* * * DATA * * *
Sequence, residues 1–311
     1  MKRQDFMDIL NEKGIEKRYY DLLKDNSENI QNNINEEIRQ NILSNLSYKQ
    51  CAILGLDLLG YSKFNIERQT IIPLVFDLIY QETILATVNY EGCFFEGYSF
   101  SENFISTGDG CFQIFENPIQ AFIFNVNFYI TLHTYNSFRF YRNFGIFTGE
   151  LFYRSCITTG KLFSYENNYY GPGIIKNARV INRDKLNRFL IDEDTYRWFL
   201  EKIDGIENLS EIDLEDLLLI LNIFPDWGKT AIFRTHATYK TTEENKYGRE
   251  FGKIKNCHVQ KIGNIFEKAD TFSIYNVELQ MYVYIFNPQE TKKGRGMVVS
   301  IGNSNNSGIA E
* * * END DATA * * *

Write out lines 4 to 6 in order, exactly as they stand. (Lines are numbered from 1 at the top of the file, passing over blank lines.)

   101  SENFISTGDG CFQIFENPIQ AFIFNVNFYI TLHTYNSFRF YRNFGIFTGE
   151  LFYRSCITTG KLFSYENNYY GPGIIKNARV INRDKLNRFL IDEDTYRWFL
   201  EKIDGIENLS EIDLEDLLLI LNIFPDWGKT AIFRTHATYK TTEENKYGRE